Sky Fort Day 11: Conclusion of the saga…

We did it!  The Sky Fort is complete.  Everything was wrapped up in about 30 minutes before dinner late this afternoon.

There was only two things left to do today.  (1) Attach the swings:

The swings gave us the only criticism we had for the entire set (which is mirrored by a lot of people out there in cyberspace).  The three swings provided (2 regular and 1 glider) are really way to close together.  When we installed all three, we realized there was only about 6-8 inches of space between the swings.  With two little ones as active and grabby as ours, that was a recipe for disaster.  So we kept the glider and the furthest swing.  It would have been awesome had the manufacturer provided about a foot of space between swings, but we understand why they didn’t.  Looking at the support beam, that would have added 3 feet to the length of this already massive beam.  This would have caused logistical problems: the boxes they shipped in would have had to be bigger, thus incurring higher shipping costs and weight; the beam would be heavier, thus requiring more supports and lock downs to the fort; likewise the support braces would probably have to have been beefed up, and the sprialing costs continue.  While we understand why they did what they did, we still wished there was some way to make it better.

So, we’re going to get a toddler swing (you know, one of those little seat-like swings) and install it in the middle section, and put it higher up so it’s more comfortable for us to push Kylie, and make it out of reach for Keaton when he’s on the glider or regular swing.  Problem solved!

(2) Attach the slide.   Again, this was not complicated, but it was a bit of a wiggle to get the silde into just the right spot.  The instructions aren’t all that clear.  They tell you to put part R3 (a cleat) 4″ back from the front of the porch, then to put the slide on top of that.  Simple, right?  Well, the slide doesn’t fit on top of R3 unless you pull the edge past R3.  But then, the question becomes how far back do you go?  There’s these convenient little lips on the edge of the slide that fit nicely against the porch to make everything flush…but that makes it too close for R3 to fit under the slide.  So, in the end, we decided to do it the way we wanted and made it fit.  Drilled some holes, attached some bolts with last of the barrel nuts and washers and it was done!

We still have to go back and add the anchors to the monkeybars side, but that’s not exactly critical as no one is big enough to use the monkeybars yet.  We’ll get to it when we figure out how to attach the anchors we bought…

Next we had to clean up and introduce the kids to the new, fully armed and operational Sky Fort (inset evil Emperor chuckle here).  Needless to say, when unleashed (and we got this on video for the grandparents) they went bonkers.  Keaton ran screaming all the way down the hill to the fort and immediately climbed up saw the crows nest:

Then went right up onto the highest part of the fort:

He was thrilled to see the telescope up there!

Not to be left behind, Kylie made her way up the ladder unassisted and pushed him out of the way as he was coming down from the crows nest so she could get up.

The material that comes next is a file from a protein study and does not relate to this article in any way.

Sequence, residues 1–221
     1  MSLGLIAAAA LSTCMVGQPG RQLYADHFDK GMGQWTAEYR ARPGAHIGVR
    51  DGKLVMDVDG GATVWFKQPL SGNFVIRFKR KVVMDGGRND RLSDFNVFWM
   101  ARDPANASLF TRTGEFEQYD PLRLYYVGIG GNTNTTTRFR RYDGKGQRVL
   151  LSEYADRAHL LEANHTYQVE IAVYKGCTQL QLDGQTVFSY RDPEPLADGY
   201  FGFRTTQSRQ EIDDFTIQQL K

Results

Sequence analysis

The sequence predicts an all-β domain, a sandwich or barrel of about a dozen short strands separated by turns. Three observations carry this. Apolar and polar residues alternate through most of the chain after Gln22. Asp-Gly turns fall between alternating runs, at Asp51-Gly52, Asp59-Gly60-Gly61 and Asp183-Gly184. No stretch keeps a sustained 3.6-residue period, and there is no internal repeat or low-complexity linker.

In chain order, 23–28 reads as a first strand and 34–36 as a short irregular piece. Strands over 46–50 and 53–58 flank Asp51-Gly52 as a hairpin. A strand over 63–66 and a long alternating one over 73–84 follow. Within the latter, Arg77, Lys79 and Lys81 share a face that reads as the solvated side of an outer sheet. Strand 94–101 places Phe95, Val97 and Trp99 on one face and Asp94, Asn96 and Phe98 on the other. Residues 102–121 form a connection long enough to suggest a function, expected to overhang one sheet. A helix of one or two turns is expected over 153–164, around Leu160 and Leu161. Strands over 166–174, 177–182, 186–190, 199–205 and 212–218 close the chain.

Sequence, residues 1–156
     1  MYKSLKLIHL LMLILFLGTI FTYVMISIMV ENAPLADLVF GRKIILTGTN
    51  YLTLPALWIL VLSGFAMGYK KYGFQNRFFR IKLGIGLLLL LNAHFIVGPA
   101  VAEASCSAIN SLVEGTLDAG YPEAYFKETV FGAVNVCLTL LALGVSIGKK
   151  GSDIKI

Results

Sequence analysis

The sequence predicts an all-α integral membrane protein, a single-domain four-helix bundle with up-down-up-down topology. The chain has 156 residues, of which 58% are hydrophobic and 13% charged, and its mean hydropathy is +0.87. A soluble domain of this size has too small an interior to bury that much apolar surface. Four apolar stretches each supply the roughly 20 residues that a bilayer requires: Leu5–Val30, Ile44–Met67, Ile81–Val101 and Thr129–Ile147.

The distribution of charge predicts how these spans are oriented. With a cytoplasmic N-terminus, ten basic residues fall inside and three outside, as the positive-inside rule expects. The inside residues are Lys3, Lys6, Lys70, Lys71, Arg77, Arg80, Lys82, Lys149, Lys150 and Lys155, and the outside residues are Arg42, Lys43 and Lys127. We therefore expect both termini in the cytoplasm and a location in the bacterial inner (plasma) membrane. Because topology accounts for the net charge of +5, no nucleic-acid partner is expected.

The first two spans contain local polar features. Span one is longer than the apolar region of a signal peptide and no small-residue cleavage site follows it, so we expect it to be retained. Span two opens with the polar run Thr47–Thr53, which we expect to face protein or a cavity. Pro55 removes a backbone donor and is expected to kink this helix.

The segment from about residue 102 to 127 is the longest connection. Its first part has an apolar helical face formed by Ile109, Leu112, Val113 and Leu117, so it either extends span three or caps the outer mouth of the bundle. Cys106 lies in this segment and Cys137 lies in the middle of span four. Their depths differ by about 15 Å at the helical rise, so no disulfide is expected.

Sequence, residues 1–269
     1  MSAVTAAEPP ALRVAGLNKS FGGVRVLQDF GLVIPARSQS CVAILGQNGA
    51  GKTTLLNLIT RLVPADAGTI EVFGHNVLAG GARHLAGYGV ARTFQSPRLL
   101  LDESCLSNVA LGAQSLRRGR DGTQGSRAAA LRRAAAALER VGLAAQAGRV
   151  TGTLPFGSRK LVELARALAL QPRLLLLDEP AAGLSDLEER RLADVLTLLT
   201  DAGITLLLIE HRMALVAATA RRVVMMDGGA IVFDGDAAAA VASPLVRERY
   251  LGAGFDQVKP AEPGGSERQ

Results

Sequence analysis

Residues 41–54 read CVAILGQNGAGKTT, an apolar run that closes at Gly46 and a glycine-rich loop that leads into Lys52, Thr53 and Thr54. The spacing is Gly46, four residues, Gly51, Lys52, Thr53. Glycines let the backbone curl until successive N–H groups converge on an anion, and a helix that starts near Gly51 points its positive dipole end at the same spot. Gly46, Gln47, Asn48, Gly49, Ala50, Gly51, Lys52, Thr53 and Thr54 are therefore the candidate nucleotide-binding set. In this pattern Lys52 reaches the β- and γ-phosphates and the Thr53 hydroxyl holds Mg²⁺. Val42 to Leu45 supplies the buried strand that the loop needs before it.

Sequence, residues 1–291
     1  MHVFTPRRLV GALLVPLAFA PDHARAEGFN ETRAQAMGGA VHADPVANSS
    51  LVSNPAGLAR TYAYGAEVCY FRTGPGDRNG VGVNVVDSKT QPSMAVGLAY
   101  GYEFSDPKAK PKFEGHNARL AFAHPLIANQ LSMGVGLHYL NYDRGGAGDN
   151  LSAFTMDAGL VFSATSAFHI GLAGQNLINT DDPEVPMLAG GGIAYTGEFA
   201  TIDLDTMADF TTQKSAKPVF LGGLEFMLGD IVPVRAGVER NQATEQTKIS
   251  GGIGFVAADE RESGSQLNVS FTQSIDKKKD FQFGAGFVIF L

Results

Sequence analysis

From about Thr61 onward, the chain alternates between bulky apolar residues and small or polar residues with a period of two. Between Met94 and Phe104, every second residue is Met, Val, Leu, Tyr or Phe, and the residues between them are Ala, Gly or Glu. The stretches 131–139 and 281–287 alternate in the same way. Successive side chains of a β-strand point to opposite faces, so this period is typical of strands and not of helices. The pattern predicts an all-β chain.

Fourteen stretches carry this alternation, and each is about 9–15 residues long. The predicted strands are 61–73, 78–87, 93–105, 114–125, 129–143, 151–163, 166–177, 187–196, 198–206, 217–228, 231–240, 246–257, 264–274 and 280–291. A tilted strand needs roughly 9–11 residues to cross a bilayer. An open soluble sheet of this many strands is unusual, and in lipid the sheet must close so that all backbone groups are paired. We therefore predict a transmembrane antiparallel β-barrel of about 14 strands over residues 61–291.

While Keaton played on the glider swing—or “pirate swing” as he calls it—Kyile decided to break in the slide by going up it backwards.

Yeah.  Cool thing is, the slide is so deep that the walls are perfectly sized handholds for her to go right up.  She seems to enjoy getting to the top, then laying down and sliding down backwards on her stomach.  Rediculous, but that’s how she rolls.

After the kids wore themselves out and everyone had a good dinner and bedtime stories, they passed the heck out real quick.  I got the inaugural  fire going (man, the shavings from my workbench and the hand planes make INCREDIBLE kindling…stuff went up like it was soaked in lighter fluid!) in our fire pit (heretofore used as a collection area for random broken branches found in the yard and some weeds).  We sat back and basked in the warm glow of the fire and watched the stars come out, knowing that we had done good with the Sky Fort.  That is one solid piece of engineering.   We can’t recommend it enough for how well built and easy to build it was.

And for some reason, fires always make roasted marshmallows taste better…or maybe it’s other things…

Anyway, thanks for reading this blog and coming along with us for the Sky Fort ride.  If you’ve had a few laughs and liked what you saw, you may want to check out my woodworking blog.  It won’t be updated as often as the Sky Fort blog was, but it’ll be ongoing.   I’m mid-process of transferring my old genealogy blog to WordPress and I will soon get my astronomy project up and running, because man, I got some dark skies.    As an example, we saw a satellite  the Milky Way and a shooting star tonight, with the fire half blinding us…without the fire, it must be pitch black up here!

So thanks again for stopping by and we hope this blog helps anyone out there as much as other blogs have helped us in deciding to buy, build and enjoy the Sky Fort!

Build Time Today: 45 minutes.

TOTAL BUILD TIME: 38 hours, 30 minutes.*

* “2 skilled men 24 hours” my ass!  It took two strong, intelligent adults with a Masters Degree and a Law Degree almost 40 hours…do not take the construction of this beast lightly!

About Steven M. Vaught

A native son of Delaware, now living in Illinois, Steven is a writer, family historian, amateur astronomer, sometimes-gardener, woodworker, father to three wonderful children, husband to a wonderful wife, and caretaker of one cheeky vizsla.
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